This past weekend marked the third Medical Academy of Pediatric Special Needs Conference, which was held in Costa Mesa, CA. I have made sure to attend every one. This time, I had the added challenge of traveling on my damaged and recently repaired left foot. But, thanks to the help of my beautiful and patient wife, Jackie, I managed to fly, hop, crutch and wheel across the country.
What started out as the “Defeat Autism Now!”(DAN!) movement, then morphed into the Autism Research Institute (which continues to support autism research and provide needed information and support for families and individuals with autism spectrum disorders), has finally become a full-fledged medical society “for the treatment of children with autism spectrum disorders and chronic special needs.”
These courses provide the required CME credits to attain a MAPS fellowship certification. This educational experience prepares practitioners from all over the world to deliver state-of-the-art care. Qualified and experienced doctors and other professionals offer detailed scientific evidence and clinical information in order to further understanding and treatment. We review older therapies, some of which may still have value, the most common protocols that the participants presently utilize, and the emerging technologies that could lead to better treatment.
The advanced courses that I attended included the following discussions:
(Day 1): Hormones & Neurodevelopmental Disorders, led by Dr. Anju Usman. Covered subjects included the CNS, HBOT and treatments such as galantamine, phosphatidyl serene, propanolol, cortisol, oxytocin, secretin, the endocrine system, calcium, the adrenals, and hormones. We also learned about remedies from plants, foods and other cultures.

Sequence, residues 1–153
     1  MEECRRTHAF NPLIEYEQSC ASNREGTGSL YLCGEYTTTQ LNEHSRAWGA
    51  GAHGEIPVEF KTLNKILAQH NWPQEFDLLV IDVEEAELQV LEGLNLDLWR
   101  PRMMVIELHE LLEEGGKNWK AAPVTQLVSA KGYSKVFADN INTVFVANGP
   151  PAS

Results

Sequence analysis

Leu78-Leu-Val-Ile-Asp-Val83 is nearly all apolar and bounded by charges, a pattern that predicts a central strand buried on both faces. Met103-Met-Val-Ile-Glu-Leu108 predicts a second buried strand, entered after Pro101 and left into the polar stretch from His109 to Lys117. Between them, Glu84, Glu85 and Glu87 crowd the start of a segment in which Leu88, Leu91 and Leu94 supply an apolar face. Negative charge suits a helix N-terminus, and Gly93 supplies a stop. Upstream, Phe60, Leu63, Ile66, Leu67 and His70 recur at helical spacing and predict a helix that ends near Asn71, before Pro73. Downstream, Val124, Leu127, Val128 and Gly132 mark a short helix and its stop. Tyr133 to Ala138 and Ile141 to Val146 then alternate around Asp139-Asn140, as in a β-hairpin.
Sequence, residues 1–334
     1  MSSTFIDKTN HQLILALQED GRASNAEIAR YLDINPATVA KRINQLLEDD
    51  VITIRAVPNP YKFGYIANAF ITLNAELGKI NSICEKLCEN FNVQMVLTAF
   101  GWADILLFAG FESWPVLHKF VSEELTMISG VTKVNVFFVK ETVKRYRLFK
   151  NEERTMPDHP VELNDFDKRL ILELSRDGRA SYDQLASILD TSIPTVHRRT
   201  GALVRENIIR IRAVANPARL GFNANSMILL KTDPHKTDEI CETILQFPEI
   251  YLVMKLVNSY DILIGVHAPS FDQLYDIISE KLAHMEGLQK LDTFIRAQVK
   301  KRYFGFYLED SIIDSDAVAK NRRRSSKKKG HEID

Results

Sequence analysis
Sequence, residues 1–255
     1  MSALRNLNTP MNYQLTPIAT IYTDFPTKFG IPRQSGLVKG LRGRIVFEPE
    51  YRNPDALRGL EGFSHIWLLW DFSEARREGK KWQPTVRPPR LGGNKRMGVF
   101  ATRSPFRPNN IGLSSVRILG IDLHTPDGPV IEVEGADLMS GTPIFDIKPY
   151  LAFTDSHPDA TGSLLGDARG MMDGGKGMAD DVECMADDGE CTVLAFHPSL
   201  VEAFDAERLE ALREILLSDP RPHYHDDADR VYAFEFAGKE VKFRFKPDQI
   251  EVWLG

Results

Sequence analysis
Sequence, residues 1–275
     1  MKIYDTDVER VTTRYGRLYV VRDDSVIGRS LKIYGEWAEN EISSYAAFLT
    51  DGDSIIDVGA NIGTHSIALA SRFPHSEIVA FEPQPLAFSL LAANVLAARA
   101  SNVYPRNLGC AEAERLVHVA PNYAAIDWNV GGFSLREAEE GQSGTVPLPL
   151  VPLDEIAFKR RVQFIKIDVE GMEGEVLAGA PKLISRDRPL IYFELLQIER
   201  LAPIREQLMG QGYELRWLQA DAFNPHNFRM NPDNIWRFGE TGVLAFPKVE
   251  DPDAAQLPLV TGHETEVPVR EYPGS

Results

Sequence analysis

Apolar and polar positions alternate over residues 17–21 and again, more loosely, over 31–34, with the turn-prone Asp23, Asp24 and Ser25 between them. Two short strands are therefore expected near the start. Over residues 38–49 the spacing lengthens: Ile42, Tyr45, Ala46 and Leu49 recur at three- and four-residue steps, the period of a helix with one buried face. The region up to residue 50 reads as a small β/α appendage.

Evaluation & Treatment of Older Children was presented by Dr. Dan Rossignol, who gave one of his stellar presentations thoroughly reviewing the scientific literature that helps support our various treatment protocols. Case presentations with enthusiastic audience participation rounded out the afternoon.
(Day 2): Gastrointestinal & Nutrition. Dana Laake (Dietician-Nutritionist) reviewed Advanced Nutritional Assessment including labs, signs and symptoms, and special diets (all of them, I think). Dr. Elizabeth Mumper immersed us in G-I testing and discussed “clinical pearls” – what practitioners should look for to help patients with symptoms due to an unhealthy gut. Dr. Rossignol reviewed the pertinent literature and more clinical cases. Dr. Jeffrey Bradstreet taught us about testing and treatment options for autistic gastrointestinal disturbances. He concluded his talk with a thorough discourse about fecal transplants. No shit.
(Day 3): Cutting Edge & Novel Treatments. There were lots of experts, lots of treatment possibilities, and lots of opinions. Need I write more?
The MAPS conferences are no boondoggle. Classes go from 8-to-6 for three days, with formal testing at the end of those long sessions. The most important functions include networking with doctors from all over and discussing cases – just like your children – from the youngest, to the most challenging and complicated. This information adds immeasurably to our individual clinical experience.
What’s new is that your children – young and old, disruptive or spaced, apraxia or echolalic, unfocused and anxious, suffering from seizures or repeated infections – are being discussed, reviewed and considered as patients who deserve appropriate medical attention.
MAPS participation grew by a third this meeting, but that is still not enough personnel to address the burgeoning patient load. It’s a great feeling to know that each year we are getting closer to the causes and cures for this ever-increasing epidemic.
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